As part of the scheme, five Indonesian male gymnasts will go to Japan in April to train for 10 days. International Gymnastics Federation (FIG) president Morinari Watanabe has vowed to improve the sport’s popularity level. Watanabe, of Japan, who took the helm of the federation in 2016 from Bruno Grandi, is trying to provide access for countries to develop gymnastics through what he calls the Family Strategy. “We didn’t promote [the sport]. We didn’t give a lot of money for the athletes. Now that’s changed. For example, the world championship only provides minor prizes and now we are trying to change that as gymnastics is a major sport,” he said. Ita, meanwhile, said her team planned to organize a festival in each region first before holding the major one in the capital. The sport often struggles to fund training for athletes abroad as its lack of popularity has determined the government’s attention toward it. Indonesia currently only has one single promising talent, Rifda Irfanaluthfi, who competes in artistic gymnastics. Rifda won silver in the floor exercise at the 2018 Asian Games in Jakarta and Palembang, South Sumatra, and brought home one gold and three silver medals from the latest Southeast Asian Games in Philippines last December. Despite its status as the mother of sports, gymnastics is still struggling to gain popularity. The sport, which has introduced stars like Simone Biles and Nastia Liukin to the world, is still finding its place, especially in countries where gymnastics is not well supported. “We have to make it interesting. We must change from [only providing a] sport to also [offering] entertainment. Other sports have done that,” he said. Unlike soccer world governing body FIFA, the FIG does not have a development program that distributes funding for national federations. FIFA, through its FIFA Forward Development Program, provides funding for its members with limited financial capacity as aid that can be used for the federations’ daily operations and to design long-term plans. Watanabe’s seriousness in developing Indonesian gymnastics was also seen from his remark where he wanted to make Indonesia the world training center and that the FIG would donate all the equipment required for the facility. However, he said the plan could only be realized if the government could provide the space for the training center first. In Indonesia, gymnastics has also found a similar struggle as the sport has not met with popular support even though it has the potential to boost the country’s achievements in a multi-sports event. “The international federation cannot support every country in the world. We can say, ‘we will support it,’ but the reality is we can’t,” he told journalists. Therefore, he has developed a strategy to assist the gymnastics community in countries like Indonesia in getting access to better training facilities offered by countries with strong gymnastics traditions. The Family Strategy hailed by Watanabe sees the FIG act like a father with strong gymnastics countries like the United States and China playing the role of older siblings. Indonesia and other countries which are trying to develop the sport are treated like junior siblings. In 2018, the FIG started to move further with its development program by naming a development officer for the African continent with the delegate working “to address Africa’s peculiar challenges and to help accelerate the development of gymnastics in Africa.” During his visit to the Indonesia’s National Olympic Committee (NOC) office in Jakarta last week, Watanabe explained that his federation was currently trying to expand by providing access to developing countries to accelerate their gymnastics development. “Of course the FIG is overseeing these big brothers and sisters but they [are expected] to support the developing countries,” he added. Watanabe expressed an interest in working hand-in-hand with the Indonesian Gymnastics Association (Persani) to develop gymnastics in Indonesia. In a meeting with Persani’s chairman Ita Yuliati, Watanabe said he planned to organize a Gymnastics for Life festival in Jakarta, a one-week festival that aims to promote the sport. NOC Indonesia chief Raja Sapta Oktohari said Watanabe’s visit could be an input to involve gymnastics as part of children’s basic education as the way to promote the sport could be through the inclusion of gymnastics in the curriculum.Topics :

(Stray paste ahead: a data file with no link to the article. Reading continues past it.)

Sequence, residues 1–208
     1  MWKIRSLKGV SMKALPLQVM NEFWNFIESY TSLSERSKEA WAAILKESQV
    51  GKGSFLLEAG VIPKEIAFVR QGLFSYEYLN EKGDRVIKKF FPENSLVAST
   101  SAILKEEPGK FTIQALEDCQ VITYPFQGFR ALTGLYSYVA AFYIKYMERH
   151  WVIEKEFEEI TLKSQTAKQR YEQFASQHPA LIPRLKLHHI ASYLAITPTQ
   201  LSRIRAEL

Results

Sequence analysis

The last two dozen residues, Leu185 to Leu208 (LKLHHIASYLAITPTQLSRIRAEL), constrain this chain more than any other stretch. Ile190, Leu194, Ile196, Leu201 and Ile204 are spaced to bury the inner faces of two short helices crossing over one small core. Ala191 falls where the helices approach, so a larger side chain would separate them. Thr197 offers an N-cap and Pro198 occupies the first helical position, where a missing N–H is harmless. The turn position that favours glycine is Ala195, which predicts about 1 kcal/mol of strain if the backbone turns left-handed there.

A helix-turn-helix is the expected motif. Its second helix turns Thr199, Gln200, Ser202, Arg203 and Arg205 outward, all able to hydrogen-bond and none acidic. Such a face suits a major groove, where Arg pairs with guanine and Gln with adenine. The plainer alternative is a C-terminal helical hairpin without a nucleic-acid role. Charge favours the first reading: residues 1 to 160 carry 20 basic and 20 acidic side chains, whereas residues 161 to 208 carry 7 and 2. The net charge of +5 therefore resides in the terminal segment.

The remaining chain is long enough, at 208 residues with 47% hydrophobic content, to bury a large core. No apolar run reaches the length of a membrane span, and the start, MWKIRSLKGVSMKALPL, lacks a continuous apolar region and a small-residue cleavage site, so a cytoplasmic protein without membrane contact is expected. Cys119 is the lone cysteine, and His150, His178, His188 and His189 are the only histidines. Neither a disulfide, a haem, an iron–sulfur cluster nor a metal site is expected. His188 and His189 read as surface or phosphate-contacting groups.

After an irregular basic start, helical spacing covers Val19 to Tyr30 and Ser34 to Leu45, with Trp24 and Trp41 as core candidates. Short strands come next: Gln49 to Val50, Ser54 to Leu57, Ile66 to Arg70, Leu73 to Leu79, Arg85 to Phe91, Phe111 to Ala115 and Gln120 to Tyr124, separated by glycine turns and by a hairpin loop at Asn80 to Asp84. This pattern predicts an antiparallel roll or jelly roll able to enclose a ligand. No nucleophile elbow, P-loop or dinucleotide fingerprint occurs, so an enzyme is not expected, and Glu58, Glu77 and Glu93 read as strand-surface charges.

China faces a potential second wave of coronavirus infections due to a lack of immunity among its population, its government’s senior medical advisor has warned.After months of lockdowns and curbs on travel China has largely brought the virus under control, but fears of a second wave have risen as clusters have emerged in northeast provinces and in the central city of Wuhan.”The majority of… Chinese at the moment are still susceptible of the COVID-19 infection, because [of[ a lack of immunity,” Zhong Nanshan, the public face of government’s response to the pandemic, told CNN. Topics : But he added he believed data published after Wuhan was locked down in late January, and when the central government took control of the response, “will be correct”.The novel coronavirus has killed at least 309,296 people, according to a tally from official sources compiled by AFP, with scientists around the world racing to find a vaccine.Zhong cautioned that a “perfect” vaccine for a disease that the World Health Organization (WHO) says may never disappear could take “years”. “We are facing [a] big challenge,” Zhong added. “It’s not better than the foreign countries I think at the moment.” Zhong, who helped expose the scale of the 2003 outbreak of Severe Acute Respiratory Syndrome (SARS), also said authorities in ground-zero Wuhan had under-reported cases during the early days of the pandemic.”The local authorities, they didn’t like to tell the truth at that time,” said Zhong, who was part of a team of experts sent to Wuhan to investigate the outbreak.”I didn’t believe that result [the number of cases reported] so I [kept] asking and then, you have to give me the real number,” he said.